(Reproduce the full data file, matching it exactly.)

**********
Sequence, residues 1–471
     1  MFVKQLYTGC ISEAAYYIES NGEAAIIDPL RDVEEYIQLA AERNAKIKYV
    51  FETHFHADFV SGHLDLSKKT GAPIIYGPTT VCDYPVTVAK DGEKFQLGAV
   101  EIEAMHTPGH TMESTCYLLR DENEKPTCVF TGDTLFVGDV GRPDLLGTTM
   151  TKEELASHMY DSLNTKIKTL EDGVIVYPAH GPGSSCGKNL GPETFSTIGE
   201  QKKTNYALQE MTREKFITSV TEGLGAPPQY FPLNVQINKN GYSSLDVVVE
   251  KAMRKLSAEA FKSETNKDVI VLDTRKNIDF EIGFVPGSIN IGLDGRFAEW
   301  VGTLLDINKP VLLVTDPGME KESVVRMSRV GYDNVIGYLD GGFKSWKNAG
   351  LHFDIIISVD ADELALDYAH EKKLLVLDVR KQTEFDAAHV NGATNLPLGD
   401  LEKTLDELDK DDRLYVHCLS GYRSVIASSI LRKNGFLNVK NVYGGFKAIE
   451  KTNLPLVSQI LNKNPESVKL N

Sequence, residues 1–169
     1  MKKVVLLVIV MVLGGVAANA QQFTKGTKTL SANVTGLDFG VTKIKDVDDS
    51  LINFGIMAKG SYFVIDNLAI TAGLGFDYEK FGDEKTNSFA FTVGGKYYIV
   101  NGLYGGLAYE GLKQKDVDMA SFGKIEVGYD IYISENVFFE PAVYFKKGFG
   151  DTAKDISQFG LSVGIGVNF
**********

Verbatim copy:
Sequence, residues 1–471
     1  MFVKQLYTGC ISEAAYYIES NGEAAIIDPL RDVEEYIQLA AERNAKIKYV
    51  FETHFHADFV SGHLDLSKKT GAPIIYGPTT VCDYPVTVAK DGEKFQLGAV
   101  EIEAMHTPGH TMESTCYLLR DENEKPTCVF TGDTLFVGDV GRPDLLGTTM
   151  TKEELASHMY DSLNTKIKTL EDGVIVYPAH GPGSSCGKNL GPETFSTIGE
   201  QKKTNYALQE MTREKFITSV TEGLGAPPQY FPLNVQINKN GYSSLDVVVE
   251  KAMRKLSAEA FKSETNKDVI VLDTRKNIDF EIGFVPGSIN IGLDGRFAEW
   301  VGTLLDINKP VLLVTDPGME KESVVRMSRV GYDNVIGYLD GGFKSWKNAG
   351  LHFDIIISVD ADELALDYAH EKKLLVLDVR KQTEFDAAHV NGATNLPLGD
   401  LEKTLDELDK DDRLYVHCLS GYRSVIASSI LRKNGFLNVK NVYGGFKAIE
   451  KTNLPLVSQI LNKNPESVKL N

Sequence, residues 1–169
     1  MKKVVLLVIV MVLGGVAANA QQFTKGTKTL SANVTGLDFG VTKIKDVDDS
    51  LINFGIMAKG SYFVIDNLAI TAGLGFDYEK FGDEKTNSFA FTVGGKYYIV
   101  NGLYGGLAYE GLKQKDVDMA SFGKIEVGYD IYISENVFFE PAVYFKKGFG
   151  DTAKDISQFG LSVGIGVNF